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The Healthy Forests Initiative and Healthy Forests Restoration Act
Interim Field Guide

Title I of the HFRA—Hazardous-Fuel Reduction on NFS and BLM Land

Title I of the HFRA focuses primarily on expedited hazardous-fuel treatment on some NFS and BLM lands at risk of wildland fire and insect or disease epidemics. These lands include areas where vegetation treatment will provide long-term benefits to threatened and endangered species. The act encourages Federal agencies to involve State and local governments and citizens when developing plans and projects for vegetation treatment on Federal and adjacent non-Federal lands. The HFRA is consistent with community-based wildland fire planning, watershed planning, and related ongoing efforts under the National Fire Plan (http://www.fireplan.gov) and A Collaborative Approach for Reducing Wildland Fire Risks to Communities and the Environment: 10-Year Comprehensive Strategy Implementation Plan (May 2002, http://www.fireplan.gov/reports/11-23-en.pdf). The HFRA does not duplicate or replace these ongoing efforts.

Hazardous-fuel reduction projects on NFS and BLM lands in one or more of the following areas qualify for expedited NEPA review under the HFRA:

  • WUIs of at-risk communities

  • Municipal watersheds that are at risk from wildland fire

  • Areas where wind throw, blowdown, ice storm damage, or the existence or imminent risk of an insect or disease epidemic significantly threatens ecosystem components or resource values

  • Areas where wildland fire poses a threat to, and where the natural fire regimes are important for, threatened and endangered species or their habitat

The types of lands listed above define where the authorities of the HFRA can be used to expedite vegetation treatment, such as mechanical thinning or prescribed fire, on NFS and BLM lands.

The HFRA requires authorized projects to be planned and conducted consistent with resource management plans and other relevant administrative policies and decisions that apply to the Federal lands covered by the project (Section 102(b)). The HFRA also prohibits authorized projects in wilderness areas, formal wilderness study areas, and Federal lands where an act of Congress or Presidential proclamation prohibits or restricts removal of vegetation (Section 102(d)).

Wildland-Urban Interfaces Within or Adjacent to At-Risk Communities

The HFRA provides improved administrative procedures for hazardous-fuel-reduction projects on NFS and BLM lands in the WUIs of at-risk communities. The act encourages the development of Community Wildfire Protection Plans under which communities will designate their WUIs, where HFRA projects may take place. The HFRA will greatly accelerate the interest of listed at-risk communities (FR 66 160 Aug. 17, 2001; http://www.fireplan.gov/content/reports) in preparing wildland fire protection plans and designating their WUIs, as well as the interest of other communities in becoming listed as at-risk communities. Federal agencies and their State and local cooperators must be prepared to provide information and services to support these communities (figure 5).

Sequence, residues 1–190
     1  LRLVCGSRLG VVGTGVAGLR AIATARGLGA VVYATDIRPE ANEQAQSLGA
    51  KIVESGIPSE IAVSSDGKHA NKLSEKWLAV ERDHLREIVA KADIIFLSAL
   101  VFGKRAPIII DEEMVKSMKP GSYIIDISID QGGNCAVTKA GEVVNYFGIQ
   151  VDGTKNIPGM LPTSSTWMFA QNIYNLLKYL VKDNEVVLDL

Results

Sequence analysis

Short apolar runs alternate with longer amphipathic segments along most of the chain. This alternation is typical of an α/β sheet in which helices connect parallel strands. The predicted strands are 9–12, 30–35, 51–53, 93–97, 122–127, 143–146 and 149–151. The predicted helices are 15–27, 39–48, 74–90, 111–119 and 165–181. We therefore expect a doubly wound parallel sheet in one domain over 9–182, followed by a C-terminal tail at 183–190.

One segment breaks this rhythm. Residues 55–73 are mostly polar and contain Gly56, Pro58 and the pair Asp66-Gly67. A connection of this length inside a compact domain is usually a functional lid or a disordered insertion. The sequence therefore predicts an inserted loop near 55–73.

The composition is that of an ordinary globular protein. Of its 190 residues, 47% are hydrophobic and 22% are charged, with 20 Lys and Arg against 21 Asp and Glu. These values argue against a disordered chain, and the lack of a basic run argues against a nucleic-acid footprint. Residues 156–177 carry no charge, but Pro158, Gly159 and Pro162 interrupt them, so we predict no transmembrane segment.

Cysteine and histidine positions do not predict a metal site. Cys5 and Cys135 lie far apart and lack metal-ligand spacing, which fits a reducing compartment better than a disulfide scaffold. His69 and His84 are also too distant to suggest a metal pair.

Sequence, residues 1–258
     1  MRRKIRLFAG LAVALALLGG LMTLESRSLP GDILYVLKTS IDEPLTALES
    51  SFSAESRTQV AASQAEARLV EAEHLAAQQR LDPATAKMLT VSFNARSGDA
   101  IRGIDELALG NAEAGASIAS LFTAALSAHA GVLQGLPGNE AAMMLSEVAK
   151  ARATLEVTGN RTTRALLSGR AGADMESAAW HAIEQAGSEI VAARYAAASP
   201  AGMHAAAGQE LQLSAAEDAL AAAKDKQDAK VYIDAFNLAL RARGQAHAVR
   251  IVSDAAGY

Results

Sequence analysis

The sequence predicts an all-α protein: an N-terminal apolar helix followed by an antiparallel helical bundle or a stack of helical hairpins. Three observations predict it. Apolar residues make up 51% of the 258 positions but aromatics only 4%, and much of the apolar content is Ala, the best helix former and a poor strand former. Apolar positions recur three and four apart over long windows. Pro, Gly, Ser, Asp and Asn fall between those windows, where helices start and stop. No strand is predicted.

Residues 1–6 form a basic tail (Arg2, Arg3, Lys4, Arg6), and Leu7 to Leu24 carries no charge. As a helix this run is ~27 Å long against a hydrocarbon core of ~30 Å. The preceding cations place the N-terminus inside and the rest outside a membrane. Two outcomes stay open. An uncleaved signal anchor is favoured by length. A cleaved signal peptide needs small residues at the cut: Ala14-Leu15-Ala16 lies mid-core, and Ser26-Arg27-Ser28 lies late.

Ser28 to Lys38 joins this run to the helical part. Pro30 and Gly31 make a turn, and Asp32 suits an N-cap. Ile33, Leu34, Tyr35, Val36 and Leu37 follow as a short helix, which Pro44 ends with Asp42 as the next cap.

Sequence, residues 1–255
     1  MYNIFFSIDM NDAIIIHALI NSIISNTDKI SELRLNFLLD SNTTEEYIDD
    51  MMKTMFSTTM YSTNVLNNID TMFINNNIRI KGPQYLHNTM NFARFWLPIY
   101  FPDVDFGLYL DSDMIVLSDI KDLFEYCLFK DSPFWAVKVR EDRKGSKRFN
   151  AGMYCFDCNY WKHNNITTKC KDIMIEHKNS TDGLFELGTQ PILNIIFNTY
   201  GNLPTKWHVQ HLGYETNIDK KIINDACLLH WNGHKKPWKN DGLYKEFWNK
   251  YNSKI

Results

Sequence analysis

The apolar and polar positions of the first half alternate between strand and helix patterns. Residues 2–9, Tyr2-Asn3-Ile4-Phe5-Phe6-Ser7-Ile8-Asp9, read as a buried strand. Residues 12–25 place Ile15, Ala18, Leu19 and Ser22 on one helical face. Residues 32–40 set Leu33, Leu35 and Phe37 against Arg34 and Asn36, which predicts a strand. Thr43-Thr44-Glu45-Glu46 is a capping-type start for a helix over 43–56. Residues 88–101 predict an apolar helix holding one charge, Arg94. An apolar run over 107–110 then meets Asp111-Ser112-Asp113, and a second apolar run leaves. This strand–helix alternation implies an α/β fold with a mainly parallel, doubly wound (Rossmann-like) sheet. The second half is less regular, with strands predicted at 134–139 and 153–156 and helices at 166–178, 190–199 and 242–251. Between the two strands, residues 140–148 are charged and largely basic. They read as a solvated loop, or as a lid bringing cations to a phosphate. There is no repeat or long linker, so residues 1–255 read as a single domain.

Photograph of a forest fire near a community.
Figure 5—High-intensity wildland fire on the Pueblo de Taos Indian Reservation
near Taos, NM, shows the need for projects to reduce
the risk of wildland fire to at-risk communities.

This Field Guide includes information on planning and setting priorities for work in and around at-risk communities in the section on Setting Priorities and Collaborating.

At-Risk Municipal Watersheds

The HFRA authorizes projects that reduce the risk wildland fires pose to the quality of a municipal water supply or to its maintenance (figure 6). Specifically, in Sections 102(a)(2) and (3), the HFRA provides for expedited vegetation treatments on NFS and BLM lands in Condition Class 3 in all fire regimes and in Condition Class 2 in Fire Regimes I, II, or III that are:

"… in such proximity to a municipal water supply system or a stream feeding such a system within a municipal watershed that a significant risk exists that a fire disturbance event would have adverse effects on the water quality of the municipal water supply or the maintenance of the system, including a risk to water quality posed by erosion following such a fire disturbance event."